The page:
Place butter, chocolate and sugar into a stainless steel bowl over a pot of simmering water, and stir until the chocolate has melted (don't worry about the sugar not melting). Remove from stove and cool for 10 minutes.
Using an electric mixer, mix in the flour mixture into the chocolate mixture. When combined, add each egg one at a time, mixing well after each addition.
Add sour cream and rum. After combined, fold in raspberries, walnuts and chocolate melts.
Pour mixture into baking tray and smooth with a spatula. Place in the oven for 50 minutes or until just set. The top should be dry and crispy and the centre slightly gooey underneath.
Cool in tin for 15 minutes before turning out and cutting into squares. Dust lightly with cocoa powder.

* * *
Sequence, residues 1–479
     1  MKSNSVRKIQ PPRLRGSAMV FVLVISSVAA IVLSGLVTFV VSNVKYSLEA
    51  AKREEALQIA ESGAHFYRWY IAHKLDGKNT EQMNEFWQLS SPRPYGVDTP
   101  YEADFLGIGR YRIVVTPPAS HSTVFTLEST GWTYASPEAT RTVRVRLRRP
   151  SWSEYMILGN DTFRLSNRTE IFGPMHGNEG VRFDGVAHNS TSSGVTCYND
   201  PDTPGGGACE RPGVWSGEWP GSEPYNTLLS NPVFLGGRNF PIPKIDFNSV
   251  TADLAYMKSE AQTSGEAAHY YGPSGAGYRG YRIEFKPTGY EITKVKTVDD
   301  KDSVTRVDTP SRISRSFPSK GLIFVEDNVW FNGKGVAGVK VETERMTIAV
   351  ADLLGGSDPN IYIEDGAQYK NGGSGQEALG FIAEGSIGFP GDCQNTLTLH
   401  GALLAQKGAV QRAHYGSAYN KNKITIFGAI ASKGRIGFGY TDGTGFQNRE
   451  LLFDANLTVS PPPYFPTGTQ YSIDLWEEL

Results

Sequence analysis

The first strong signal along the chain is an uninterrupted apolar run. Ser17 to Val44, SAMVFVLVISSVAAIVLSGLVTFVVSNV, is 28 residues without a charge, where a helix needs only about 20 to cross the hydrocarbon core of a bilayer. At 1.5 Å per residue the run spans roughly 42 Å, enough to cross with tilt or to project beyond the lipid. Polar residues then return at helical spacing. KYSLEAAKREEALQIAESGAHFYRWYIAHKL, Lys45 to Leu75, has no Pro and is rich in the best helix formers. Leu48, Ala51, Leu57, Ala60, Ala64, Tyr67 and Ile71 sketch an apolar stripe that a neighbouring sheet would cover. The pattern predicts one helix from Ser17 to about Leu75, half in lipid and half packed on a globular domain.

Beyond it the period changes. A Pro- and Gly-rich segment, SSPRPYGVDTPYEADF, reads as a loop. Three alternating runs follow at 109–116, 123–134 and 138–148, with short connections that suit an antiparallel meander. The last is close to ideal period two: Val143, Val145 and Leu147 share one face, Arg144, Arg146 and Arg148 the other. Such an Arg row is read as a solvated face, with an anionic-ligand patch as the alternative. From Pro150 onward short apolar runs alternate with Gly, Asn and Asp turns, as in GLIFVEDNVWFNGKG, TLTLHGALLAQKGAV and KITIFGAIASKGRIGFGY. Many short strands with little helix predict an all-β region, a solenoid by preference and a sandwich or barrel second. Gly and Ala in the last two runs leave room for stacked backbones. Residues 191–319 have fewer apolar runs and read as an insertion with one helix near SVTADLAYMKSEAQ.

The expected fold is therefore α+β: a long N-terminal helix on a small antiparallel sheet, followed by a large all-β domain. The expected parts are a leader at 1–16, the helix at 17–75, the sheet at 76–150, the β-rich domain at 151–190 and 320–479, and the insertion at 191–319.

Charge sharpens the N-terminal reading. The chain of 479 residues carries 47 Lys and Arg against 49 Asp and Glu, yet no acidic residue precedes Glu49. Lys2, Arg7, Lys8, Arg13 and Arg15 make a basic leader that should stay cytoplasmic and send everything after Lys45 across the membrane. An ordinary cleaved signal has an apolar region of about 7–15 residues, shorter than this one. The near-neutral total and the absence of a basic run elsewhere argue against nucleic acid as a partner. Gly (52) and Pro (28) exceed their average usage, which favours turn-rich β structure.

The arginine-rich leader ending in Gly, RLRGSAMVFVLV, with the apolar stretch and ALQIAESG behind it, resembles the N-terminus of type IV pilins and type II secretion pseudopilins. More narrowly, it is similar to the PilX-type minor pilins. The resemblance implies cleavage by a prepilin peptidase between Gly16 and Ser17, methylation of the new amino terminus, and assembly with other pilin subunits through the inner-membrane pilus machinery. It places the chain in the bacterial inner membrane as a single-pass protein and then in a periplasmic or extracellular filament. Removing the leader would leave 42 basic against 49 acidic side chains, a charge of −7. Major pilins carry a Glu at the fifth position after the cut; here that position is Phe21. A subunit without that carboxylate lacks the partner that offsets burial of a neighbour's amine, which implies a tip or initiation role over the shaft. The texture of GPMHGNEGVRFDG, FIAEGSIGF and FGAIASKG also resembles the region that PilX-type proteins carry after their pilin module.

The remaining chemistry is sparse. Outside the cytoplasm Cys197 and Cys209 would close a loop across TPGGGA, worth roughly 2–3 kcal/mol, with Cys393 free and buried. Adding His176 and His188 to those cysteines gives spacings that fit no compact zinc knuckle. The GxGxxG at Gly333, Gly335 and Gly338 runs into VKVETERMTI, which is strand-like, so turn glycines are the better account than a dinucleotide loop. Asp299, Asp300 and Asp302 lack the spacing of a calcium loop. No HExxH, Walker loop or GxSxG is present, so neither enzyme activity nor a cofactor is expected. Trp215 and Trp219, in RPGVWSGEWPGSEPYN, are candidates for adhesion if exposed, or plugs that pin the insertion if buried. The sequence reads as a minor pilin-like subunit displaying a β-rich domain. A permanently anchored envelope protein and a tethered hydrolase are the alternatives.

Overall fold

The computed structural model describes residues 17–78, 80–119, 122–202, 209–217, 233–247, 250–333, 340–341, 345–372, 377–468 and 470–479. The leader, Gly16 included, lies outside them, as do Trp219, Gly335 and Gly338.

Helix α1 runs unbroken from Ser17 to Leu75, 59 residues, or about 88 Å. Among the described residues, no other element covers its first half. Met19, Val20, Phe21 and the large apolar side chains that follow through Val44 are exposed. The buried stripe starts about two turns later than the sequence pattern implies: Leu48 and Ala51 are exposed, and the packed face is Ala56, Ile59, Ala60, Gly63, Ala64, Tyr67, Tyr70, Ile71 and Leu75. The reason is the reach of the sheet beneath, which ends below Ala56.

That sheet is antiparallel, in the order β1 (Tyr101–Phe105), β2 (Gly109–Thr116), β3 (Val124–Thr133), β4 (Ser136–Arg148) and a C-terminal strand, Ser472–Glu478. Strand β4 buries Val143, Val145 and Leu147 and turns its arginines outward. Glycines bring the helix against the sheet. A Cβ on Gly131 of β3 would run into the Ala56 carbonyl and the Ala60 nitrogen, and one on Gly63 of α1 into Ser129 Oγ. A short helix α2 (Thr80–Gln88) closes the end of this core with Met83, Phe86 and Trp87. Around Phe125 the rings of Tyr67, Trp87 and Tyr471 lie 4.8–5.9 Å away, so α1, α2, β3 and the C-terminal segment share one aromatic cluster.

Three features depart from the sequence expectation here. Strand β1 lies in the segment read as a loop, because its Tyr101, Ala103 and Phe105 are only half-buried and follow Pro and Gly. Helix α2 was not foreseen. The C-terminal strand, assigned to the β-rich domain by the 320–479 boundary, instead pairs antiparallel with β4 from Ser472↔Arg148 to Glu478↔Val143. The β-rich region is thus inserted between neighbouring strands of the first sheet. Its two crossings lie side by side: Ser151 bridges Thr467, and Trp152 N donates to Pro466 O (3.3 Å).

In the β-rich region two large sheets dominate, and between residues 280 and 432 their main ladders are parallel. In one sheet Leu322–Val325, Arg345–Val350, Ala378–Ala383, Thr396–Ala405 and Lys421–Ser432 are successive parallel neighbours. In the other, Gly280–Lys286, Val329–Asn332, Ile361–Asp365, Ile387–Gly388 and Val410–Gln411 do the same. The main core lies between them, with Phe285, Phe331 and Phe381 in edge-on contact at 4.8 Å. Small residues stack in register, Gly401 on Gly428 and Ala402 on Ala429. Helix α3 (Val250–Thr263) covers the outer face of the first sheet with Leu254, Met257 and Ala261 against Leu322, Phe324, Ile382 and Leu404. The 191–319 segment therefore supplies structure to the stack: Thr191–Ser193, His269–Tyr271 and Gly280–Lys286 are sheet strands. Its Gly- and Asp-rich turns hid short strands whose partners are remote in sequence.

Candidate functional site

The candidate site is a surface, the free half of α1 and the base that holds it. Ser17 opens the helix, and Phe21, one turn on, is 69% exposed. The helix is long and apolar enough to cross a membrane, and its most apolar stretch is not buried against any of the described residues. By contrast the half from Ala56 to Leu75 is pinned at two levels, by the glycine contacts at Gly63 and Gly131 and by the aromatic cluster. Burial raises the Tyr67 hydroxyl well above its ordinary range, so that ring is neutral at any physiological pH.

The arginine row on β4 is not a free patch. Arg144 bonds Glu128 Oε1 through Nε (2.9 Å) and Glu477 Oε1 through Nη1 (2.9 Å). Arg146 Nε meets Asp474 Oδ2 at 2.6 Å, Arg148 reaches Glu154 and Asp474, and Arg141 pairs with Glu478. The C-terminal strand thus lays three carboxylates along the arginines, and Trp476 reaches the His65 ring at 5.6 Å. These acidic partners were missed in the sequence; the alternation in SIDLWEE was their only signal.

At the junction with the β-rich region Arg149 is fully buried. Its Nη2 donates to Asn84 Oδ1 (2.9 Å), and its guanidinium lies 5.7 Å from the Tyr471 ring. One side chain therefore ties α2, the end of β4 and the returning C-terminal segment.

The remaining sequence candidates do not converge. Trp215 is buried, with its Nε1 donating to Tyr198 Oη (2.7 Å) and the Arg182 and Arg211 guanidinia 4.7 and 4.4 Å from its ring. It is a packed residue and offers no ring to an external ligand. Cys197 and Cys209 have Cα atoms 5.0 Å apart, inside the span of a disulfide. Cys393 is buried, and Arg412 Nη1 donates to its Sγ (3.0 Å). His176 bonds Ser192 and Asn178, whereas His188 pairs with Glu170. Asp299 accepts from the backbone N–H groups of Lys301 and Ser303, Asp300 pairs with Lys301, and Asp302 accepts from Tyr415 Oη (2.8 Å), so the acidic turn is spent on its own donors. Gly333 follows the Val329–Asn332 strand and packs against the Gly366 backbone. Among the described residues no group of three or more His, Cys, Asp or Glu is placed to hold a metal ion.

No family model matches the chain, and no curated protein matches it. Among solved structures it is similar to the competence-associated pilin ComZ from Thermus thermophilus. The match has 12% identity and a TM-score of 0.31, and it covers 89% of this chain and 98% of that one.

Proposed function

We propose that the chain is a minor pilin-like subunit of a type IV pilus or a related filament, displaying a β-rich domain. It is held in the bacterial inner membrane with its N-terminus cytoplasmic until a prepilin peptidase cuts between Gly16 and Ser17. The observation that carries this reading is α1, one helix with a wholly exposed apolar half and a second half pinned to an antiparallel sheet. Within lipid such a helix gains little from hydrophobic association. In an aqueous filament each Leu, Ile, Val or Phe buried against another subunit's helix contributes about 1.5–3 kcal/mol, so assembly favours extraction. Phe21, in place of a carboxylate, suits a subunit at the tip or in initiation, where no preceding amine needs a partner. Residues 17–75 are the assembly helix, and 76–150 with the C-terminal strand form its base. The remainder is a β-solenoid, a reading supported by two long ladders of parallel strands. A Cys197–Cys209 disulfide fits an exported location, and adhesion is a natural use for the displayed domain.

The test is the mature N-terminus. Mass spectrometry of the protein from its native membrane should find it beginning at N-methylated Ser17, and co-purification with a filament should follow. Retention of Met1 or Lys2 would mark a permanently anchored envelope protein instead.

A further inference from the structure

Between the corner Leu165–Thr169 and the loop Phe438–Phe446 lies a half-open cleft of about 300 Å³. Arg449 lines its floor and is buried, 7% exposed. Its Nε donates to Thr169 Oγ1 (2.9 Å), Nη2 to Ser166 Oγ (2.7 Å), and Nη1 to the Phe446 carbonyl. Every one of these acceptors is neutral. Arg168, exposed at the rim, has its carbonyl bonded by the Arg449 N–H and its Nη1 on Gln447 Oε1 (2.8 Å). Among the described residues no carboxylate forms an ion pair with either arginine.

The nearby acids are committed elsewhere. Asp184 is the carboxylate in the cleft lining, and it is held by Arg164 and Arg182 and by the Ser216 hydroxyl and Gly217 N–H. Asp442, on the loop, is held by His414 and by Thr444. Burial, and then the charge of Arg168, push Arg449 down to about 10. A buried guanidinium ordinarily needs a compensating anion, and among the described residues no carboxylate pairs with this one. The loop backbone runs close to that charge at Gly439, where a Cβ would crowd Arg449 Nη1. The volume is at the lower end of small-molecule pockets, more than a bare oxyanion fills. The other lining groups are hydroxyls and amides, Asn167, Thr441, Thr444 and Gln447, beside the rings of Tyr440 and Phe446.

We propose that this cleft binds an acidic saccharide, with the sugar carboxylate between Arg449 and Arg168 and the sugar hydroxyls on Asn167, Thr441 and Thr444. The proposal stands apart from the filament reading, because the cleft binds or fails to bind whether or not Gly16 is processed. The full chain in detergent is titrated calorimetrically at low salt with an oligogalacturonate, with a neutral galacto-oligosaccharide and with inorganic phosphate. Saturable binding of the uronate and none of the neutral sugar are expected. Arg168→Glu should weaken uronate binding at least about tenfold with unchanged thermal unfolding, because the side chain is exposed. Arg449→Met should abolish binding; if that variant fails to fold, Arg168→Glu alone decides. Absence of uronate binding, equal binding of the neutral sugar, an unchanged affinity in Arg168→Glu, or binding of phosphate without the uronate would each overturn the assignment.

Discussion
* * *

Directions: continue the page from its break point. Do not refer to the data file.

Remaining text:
Friday, August 13, 2010
So you're walking down Rosenthalerstrasse in Mitte. You're pretty damn hungry, scratching your head wondering what to eat, and then... you see a blackboard out on the pavement... a beacon in the hunger fog...
"Could you ever be in love with a sandwich?"
The answer is yes. A thousand times over.
Probably one of my favourite cities in the whole world.
Mostly because of a sandwich I had.
And the dance floor that I danced on, that was surrounded by a full curtain of tinsel.
Maybe it was the legal (!) fireworks in the street,
the mouthwatering late-night kebabs with 'secret sauce' and sauerkraut,
or the Crispy DuDu
betterthansushi Roll that changed my sushi-eating life.
The food scene in Berlin is fantastic. After travelling around Germany I was relieved to find a city so wholeheartedly involved with international cuisine. After stuffing ourselves with pretzels and pork knuckle for two weeks in Bavaria and surrounds, we were ready for a change.